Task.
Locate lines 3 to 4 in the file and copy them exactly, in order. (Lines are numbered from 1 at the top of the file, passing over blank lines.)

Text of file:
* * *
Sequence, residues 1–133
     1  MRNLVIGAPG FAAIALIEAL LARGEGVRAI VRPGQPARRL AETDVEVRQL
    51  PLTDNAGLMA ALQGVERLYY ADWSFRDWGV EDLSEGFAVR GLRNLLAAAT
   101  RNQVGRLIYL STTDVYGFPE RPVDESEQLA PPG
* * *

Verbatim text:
    51  PLTDNAGLMA ALQGVERLYY ADWSFRDWGV EDLSEGFAVR GLRNLLAAAT
   101  RNQVGRLIYL STTDVYGFPE RPVDESEQLA PPG